Hershey chocolate company’s InnovationOps story
I am interviewing speakers at my favorite annual conference for product managers, the PDMA Inspire Innovation Conference. This discussion is with Shawn Houser-Fedor, whose session is titled “Creating a Recipe for Innovation Success: Hershey Chocolate Company’s InnovationOps Story.”
Shawn is a R&D Senior Director at Hershey and she is about to share with us how InnovationOps helped Hershey and can help your organization achieve innovation at scale.
This episode is sponsored by PDMA, the Product Development and Management Association. PDMA is a global community of professional members whose skills, expertise, and experience power the most recognized and respected innovative companies in the world. PDMA is also the longest-running professional association for product managers, leaders, and innovators, having started in 1976 and contributing research and knowledge to our discipline for nearly 50 years. I have enjoyed being a member of PDMA for more than a decade, finding their resources and network very valuable. Learn more about them at PDMA.org.
Summary of some concepts discussed for product managers
[2:55] Most of your professional career has been at Hershey, and this is not unusual for Hershey employees. What is it about Hershey that keeps employees for long periods of time?
I like to say that Hershey is the sweetest place on earth to work and live for many reasons. The people we work with are the people we see outside of the office. We share a mutual respect for each other. Hershey offers a wide portfolio of products and numerous career development opportunities, so you have an opportunity to learn, grow, and develop into whatever you want to be.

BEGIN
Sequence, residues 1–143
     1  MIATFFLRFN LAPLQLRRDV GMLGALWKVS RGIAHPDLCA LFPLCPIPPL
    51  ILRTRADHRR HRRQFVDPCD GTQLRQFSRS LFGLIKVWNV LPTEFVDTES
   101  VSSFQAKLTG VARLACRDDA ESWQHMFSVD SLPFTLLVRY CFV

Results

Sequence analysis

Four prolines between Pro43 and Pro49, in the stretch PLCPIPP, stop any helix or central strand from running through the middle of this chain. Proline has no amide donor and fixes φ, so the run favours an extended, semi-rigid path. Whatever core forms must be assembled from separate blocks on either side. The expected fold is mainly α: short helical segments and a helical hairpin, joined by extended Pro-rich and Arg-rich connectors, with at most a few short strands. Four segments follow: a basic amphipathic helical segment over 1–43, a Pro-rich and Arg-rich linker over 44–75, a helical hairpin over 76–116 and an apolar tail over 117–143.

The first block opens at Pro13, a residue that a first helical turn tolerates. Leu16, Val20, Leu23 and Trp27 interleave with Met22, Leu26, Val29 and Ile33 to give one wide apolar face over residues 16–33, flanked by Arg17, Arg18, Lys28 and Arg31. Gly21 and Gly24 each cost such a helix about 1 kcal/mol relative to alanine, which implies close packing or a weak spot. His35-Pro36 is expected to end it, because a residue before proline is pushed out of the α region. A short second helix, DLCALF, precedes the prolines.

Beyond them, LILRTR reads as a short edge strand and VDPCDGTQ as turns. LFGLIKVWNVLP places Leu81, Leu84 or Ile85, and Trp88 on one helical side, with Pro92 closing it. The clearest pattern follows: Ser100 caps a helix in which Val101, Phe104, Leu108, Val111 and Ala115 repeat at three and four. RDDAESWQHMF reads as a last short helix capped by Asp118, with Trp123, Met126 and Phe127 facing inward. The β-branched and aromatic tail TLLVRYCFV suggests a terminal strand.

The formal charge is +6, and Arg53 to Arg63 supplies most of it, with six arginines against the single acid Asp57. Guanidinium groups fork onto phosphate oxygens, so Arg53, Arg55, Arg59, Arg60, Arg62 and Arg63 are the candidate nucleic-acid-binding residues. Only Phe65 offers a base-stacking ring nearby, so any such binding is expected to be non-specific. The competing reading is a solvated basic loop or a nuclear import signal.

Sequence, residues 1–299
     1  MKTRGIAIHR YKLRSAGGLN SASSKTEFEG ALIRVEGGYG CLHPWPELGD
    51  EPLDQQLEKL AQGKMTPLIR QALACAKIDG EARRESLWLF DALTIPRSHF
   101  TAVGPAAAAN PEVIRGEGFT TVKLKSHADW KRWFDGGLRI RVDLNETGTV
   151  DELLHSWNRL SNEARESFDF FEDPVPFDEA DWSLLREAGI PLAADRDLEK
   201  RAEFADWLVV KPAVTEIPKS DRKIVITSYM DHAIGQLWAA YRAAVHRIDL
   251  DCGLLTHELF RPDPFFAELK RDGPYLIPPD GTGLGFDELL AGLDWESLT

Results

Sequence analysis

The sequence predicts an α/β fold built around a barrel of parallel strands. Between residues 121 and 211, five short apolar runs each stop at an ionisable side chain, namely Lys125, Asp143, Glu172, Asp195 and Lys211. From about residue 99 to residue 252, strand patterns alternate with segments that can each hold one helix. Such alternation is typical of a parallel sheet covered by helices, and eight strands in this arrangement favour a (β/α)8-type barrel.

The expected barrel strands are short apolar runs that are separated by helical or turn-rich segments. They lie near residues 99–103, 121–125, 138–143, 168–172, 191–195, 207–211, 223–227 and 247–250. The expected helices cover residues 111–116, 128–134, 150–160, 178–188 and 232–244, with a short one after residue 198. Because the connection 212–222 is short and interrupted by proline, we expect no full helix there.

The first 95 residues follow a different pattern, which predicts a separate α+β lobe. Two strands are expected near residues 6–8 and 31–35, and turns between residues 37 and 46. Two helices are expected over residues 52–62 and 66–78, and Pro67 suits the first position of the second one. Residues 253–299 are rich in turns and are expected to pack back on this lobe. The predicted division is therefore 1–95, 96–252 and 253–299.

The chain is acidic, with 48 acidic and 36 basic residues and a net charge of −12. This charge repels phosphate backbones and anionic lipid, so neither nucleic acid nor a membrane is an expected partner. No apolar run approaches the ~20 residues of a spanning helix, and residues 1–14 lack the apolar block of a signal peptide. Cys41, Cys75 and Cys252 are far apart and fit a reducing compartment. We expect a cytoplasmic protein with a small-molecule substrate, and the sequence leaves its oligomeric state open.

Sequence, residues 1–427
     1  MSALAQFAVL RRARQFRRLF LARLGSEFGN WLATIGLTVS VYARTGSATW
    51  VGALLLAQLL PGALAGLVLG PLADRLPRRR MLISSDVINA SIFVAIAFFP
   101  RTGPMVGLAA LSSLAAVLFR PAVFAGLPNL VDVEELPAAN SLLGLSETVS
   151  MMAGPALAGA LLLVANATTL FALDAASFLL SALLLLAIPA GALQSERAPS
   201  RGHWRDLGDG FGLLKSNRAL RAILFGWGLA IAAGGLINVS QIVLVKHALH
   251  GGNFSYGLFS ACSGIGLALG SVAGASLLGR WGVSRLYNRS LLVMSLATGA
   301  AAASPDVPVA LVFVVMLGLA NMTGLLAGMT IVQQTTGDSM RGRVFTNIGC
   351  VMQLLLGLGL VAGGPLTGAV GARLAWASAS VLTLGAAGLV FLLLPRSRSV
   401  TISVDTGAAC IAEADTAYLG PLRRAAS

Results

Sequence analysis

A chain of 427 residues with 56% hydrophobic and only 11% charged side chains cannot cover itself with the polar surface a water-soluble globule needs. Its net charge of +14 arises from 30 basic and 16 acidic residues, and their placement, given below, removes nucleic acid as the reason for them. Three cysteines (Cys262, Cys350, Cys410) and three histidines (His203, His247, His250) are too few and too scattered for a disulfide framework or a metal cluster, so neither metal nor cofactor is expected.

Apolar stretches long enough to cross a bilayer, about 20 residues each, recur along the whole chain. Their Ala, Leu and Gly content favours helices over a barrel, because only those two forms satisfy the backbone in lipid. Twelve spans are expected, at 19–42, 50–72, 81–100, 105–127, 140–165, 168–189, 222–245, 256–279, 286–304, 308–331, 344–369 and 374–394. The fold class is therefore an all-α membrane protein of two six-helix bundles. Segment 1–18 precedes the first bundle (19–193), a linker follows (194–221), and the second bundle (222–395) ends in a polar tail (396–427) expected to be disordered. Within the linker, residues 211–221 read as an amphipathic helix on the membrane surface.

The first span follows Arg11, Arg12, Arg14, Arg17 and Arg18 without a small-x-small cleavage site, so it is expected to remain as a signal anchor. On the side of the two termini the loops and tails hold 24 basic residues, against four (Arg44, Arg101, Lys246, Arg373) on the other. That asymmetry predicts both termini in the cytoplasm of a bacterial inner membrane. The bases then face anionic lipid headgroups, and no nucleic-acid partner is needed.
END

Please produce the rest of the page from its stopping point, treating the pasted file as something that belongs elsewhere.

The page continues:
[4:47] What is InnovationOps?
InnovationOps is all the behind-the-scenes work that goes into bringing great products to market—the people, processes, culture, and tools. InnovationOps at Hershey started with R&D and marketing working together. They owned every aspect of innovation other than bringing it to market through sales and commercial organization. When innovation started to grow and get more complex, we realized we were taking people like food scientists and candy confectioners outside their comfort zones. They have different skills from our marketing team members, and neither were well versed in product management. We found by having a group dedicated to innovation, we can bring together the right people to operationalize innovation.
[6:51] What outcomes have you seen from using InnovationOps?
There are three big takeaways:
- We are much more efficient with our resources, including time, money, and people.
- We’ve seen better cross-collaboration across the business and better partnerships.
- We’ve seen great business results. We have fantastic new products that are sustainable in the market and great innovation.
[8:19] How has InnovationOps helped with alignment between different groups?
Everyone has a seat at the table, so ideas can come from anywhere—engineering, product development, sales. If it’s filling a gap, we know it’s going to be successful. That mindset allows everyone to be very collaborative and get behind an initiative to make sure it’s successful in the market.
We have specific values that drive our culture:
- Be real.
- Champion the consumer.
- Create the future.
- Take action.
[10:09] What are the jobs that InnovationOps is trying to accomplish?
The portfolio and project management group within the innovation operations team hold people accountable by making sure they have all the necessary information pulled together before a governance meeting. They make sure all the people present understand what the stage-gate process means to our overall business. They do a fantastic job of holding people accountable to all the company’s goals.
Each person has the same innovation goals. For example, if there’s a financial metric related to innovation we need to deliver for the year, everyone understands that’s a holistic goal. Even when there are controversies in which one function doesn’t think the product should go further through the gate process, each one of us has an obligation to figure out a solution to ultimately deliver that financial target.